In the 1990s I was interested in the social capital literature, as a way of empirically addressing some of the ‘communitarian’ criticisms of liberalism that I was writing about in my eventually abandoned PhD. Social democrats – such as Eva Cox in her Boyer lectures A Truly Civil Society – thought that there was a positive relationship between big government and social capital. I thought the opposite was more likely.
Over Easter I read this article by Isabelle Stadelman-Steffen using OECD social spending data and the results of European and World Values Survey questions on volunteering.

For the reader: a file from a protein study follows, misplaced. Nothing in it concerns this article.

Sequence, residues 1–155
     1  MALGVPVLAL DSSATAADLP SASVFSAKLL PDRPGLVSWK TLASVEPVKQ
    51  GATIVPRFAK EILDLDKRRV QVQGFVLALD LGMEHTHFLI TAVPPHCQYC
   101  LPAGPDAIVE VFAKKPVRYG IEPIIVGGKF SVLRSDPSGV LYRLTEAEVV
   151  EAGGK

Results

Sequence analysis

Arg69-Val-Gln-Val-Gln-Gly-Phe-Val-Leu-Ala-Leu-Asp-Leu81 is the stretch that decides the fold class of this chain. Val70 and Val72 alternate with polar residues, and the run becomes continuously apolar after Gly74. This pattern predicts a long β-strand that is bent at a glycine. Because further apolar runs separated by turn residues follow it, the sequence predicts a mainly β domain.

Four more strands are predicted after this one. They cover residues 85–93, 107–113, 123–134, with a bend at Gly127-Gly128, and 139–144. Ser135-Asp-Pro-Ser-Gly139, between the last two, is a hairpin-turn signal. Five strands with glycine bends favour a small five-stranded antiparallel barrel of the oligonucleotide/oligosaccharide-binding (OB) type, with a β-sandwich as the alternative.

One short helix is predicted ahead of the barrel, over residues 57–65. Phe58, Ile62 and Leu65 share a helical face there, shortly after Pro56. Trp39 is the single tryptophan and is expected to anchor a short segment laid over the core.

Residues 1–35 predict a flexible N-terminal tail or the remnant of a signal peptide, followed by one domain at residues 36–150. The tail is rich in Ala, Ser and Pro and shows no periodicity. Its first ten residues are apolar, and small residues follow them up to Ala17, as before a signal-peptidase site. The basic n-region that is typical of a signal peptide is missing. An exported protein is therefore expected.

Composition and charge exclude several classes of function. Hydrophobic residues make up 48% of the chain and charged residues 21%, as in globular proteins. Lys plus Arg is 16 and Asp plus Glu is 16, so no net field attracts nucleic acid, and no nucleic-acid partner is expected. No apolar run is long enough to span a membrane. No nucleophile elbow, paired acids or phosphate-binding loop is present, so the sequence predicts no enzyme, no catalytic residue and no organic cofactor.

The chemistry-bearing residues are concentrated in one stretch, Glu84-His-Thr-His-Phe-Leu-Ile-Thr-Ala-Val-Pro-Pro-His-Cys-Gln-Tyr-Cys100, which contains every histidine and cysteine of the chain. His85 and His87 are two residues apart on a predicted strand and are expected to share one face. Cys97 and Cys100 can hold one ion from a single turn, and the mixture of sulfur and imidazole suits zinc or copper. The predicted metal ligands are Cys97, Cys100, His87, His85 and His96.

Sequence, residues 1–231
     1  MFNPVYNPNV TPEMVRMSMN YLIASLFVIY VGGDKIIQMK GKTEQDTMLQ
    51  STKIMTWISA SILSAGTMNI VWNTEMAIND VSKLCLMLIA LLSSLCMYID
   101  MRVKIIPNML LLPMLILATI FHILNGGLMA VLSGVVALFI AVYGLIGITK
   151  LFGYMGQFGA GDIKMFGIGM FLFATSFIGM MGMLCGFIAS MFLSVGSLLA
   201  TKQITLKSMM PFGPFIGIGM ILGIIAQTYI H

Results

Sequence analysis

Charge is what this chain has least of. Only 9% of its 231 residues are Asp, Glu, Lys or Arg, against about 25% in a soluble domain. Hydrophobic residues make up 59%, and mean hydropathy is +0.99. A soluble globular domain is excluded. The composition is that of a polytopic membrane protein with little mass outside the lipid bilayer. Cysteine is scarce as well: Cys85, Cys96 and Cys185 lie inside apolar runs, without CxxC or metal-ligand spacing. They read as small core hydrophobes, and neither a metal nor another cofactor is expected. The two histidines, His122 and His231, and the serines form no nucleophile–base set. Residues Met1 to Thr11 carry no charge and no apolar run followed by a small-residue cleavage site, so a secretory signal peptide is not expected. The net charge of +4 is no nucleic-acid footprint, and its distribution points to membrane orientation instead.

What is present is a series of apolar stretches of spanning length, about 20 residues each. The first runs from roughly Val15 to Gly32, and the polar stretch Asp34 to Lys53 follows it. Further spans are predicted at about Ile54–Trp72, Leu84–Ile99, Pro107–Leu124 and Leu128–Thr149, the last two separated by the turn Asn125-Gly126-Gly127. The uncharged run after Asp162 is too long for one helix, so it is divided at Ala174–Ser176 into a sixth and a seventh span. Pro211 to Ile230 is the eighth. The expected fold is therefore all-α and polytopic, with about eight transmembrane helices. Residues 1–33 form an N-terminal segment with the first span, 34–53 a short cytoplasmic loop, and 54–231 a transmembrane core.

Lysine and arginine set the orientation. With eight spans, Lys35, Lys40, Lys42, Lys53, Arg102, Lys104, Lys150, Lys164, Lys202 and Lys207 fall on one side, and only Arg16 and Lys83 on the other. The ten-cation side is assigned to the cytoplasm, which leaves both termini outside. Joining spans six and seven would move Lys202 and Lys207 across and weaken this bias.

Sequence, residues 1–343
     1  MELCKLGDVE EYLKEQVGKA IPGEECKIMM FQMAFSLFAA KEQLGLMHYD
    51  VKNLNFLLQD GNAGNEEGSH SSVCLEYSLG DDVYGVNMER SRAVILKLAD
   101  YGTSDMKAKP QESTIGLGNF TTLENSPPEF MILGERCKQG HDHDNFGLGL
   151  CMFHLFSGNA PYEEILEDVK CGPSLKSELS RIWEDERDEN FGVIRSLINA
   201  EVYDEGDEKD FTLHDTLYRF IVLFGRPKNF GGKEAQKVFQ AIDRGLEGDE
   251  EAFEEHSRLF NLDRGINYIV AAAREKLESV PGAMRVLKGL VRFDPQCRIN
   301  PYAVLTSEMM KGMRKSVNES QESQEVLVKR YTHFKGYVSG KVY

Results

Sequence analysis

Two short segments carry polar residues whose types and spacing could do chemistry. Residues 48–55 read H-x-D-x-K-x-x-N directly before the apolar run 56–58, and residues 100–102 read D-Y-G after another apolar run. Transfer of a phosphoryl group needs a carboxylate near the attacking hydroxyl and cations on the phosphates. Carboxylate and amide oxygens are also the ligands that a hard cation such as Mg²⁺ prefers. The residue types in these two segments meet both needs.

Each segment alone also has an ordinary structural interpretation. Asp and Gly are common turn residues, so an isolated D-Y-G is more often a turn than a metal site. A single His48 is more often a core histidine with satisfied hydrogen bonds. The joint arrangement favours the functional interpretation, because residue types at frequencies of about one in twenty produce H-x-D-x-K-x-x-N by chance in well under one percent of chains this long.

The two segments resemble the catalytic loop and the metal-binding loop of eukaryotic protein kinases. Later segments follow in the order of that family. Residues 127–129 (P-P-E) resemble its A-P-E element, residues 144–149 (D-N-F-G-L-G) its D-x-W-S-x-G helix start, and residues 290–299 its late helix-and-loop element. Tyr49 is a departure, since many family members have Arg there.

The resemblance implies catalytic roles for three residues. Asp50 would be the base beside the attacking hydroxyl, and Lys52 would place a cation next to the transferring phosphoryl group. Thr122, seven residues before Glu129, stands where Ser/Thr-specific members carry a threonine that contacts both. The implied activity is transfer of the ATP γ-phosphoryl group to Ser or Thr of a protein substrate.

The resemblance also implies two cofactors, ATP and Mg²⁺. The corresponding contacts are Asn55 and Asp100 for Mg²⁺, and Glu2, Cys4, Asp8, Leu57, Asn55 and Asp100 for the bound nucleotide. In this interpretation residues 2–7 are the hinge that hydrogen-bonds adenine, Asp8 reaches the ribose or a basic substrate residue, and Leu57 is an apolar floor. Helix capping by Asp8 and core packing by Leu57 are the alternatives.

Overall for ‘social’ volunteering – for social welfare, health or community action on poverty, employment, housing or racial equality purposes – there was clearly a negative statistical relationship with public welfare spending. This is consistent with the ‘crowding out’ hypothesis, that to some extent the state displaces voluntary activity. In further support of this hypothesis, a large welfare state had no statistically significant crowding out effect for other voluntary activities. Continue reading “Crowding out and in”